United Airlines Goes Too Far

Garfield's Ad Review: Lush Animation Won't Make Anyone Rhapsodize About Flying

By Published on .

When there is a notable air disaster, by terms of the airlines' media contracts, airline advertising typically goes dark. This is for obvious reasons. No marketer wants to spend money reminding the audience of, for example, sudden fiery death.

There is a valuable lesson in that.

At certain moments, advertising -- no matter how cunningly crafted -- is incapable of sending its intended message. At certain moments, it is capable only of triggering associations with the larger story in the public mind. That's one reason you haven't seen a lot of bank commercials lately offering fast, convenient refinancing. It's why John McCain will come nowhere near his Republican colleague Alaska Sen. Ted Stevens in the next three months. It's why Barry Bonds' endorsement career has dried up.

And it's why, when appearing in public, it's always wise to make sure your fly is zipped. You want your audience focusing on what you want your audience focusing on.

This brings us to the new commercial for United Airlines, the latest in a series of lovely, lushly animated spots that have been airing heavily during the Olympics. Like the others, it's gorgeous, a quirky symphony of sea life in which a lobster conductor leads whales and sailfish, rays and tortoises, octopuses and mussels in a rousing orchestration of Gershwin's "Rhapsody in Blue."

Of course, because it's "Rhapsody in Blue," and because it's extravagant animation, we immediately understand that it's a United ad. You need to get to the end to find out why a latter-day "Merrie Melodies" cartoon has anything to do with air travel. But then, aha. We see the shadow of a United wide-body scudding over the ocean's surface.

"Crossing the ocean will never be the same," the voice-over says. "United's new international first and business class. United. It's time to fly."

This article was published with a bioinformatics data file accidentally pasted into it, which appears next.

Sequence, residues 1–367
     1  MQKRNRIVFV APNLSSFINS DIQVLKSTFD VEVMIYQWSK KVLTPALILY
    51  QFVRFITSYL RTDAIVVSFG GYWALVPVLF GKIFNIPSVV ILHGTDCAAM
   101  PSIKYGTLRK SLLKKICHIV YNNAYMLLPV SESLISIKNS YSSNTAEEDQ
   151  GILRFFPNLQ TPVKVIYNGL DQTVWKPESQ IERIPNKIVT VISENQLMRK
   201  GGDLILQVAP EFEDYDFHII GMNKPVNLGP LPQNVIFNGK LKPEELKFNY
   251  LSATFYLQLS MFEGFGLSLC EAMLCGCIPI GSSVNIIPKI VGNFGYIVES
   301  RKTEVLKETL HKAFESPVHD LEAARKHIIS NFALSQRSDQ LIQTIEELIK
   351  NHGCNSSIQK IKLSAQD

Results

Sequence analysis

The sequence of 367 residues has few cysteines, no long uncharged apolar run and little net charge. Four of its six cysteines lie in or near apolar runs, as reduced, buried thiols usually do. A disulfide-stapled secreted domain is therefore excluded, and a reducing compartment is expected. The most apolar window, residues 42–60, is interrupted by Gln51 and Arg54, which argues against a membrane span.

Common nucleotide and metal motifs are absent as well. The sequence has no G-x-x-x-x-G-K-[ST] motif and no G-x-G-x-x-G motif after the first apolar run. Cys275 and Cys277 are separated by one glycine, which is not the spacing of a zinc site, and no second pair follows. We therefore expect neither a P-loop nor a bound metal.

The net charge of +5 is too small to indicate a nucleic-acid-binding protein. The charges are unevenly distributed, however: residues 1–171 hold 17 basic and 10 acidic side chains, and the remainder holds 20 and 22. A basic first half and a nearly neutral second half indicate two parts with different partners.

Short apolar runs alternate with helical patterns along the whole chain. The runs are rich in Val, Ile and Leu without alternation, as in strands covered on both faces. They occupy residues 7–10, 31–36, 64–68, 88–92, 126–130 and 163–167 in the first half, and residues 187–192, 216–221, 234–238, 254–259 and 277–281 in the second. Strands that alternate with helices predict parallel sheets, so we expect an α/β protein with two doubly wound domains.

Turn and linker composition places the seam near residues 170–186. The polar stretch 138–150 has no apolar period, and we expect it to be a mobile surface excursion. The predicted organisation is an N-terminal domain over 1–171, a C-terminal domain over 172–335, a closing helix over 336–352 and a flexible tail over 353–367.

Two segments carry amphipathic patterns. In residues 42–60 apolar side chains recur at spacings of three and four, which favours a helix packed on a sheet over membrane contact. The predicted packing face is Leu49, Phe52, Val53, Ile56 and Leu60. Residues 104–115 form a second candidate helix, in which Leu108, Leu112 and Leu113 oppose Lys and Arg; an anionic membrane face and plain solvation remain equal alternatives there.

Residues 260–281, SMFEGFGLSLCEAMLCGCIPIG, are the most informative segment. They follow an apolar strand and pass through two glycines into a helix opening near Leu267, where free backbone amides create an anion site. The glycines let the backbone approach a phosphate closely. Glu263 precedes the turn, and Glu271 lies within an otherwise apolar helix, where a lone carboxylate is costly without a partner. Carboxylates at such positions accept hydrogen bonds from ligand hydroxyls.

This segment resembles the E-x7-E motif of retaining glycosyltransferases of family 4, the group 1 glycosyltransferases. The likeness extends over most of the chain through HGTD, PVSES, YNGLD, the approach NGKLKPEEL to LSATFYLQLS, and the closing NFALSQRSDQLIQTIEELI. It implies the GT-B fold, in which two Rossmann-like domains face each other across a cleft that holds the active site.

Oh, is it really? While we may like to believe a voice-over would never lie -- especially when the voice belongs to Robert Redford -- we're pretty sure from everything else we've read and experienced over the past year that this is pretty much the time not to fly, if at all possible.

High fares and surcharges. Shrunken schedules. Surly, mistreated employees. Reduced services. No pillows. Pay-as-you-go food. Fees for changes. Fees for bags. Fees for child escorts. Lost luggage. Long waits, and petty humiliations, at security. It's a long list. And just as the Olympics were getting under way, United added to it. Its domestic business class, on some routes, will lose food service. Domestic coach will lose pretzels and nuts.

Next: seats, tray tables, rudders, flaps and other expensive frills.

Now obviously this ad promotes premium service, where passengers are substantially insulated from the indignities endured by the hoi polloi. But so what? The Olympics cast a wide net. The vast majority of those who see this ad, once they get finished oohing and aahing over the adorable halibut, will be freshly reminded of how flat beds and symphonic splendor have nothing to do with their air-travel experience. What they will be reminded of is their most recent nightmare and the ongoing air disaster that is contemporary, unfriendly-skies reality.

Yes, at this particular moment, even "Merrie Melodies" are unbearably dissonant and utterly counterproductive. Pretty animation or no pretty animation, this would have been a good time for United to keep its "It's Time to Fly" zipped.

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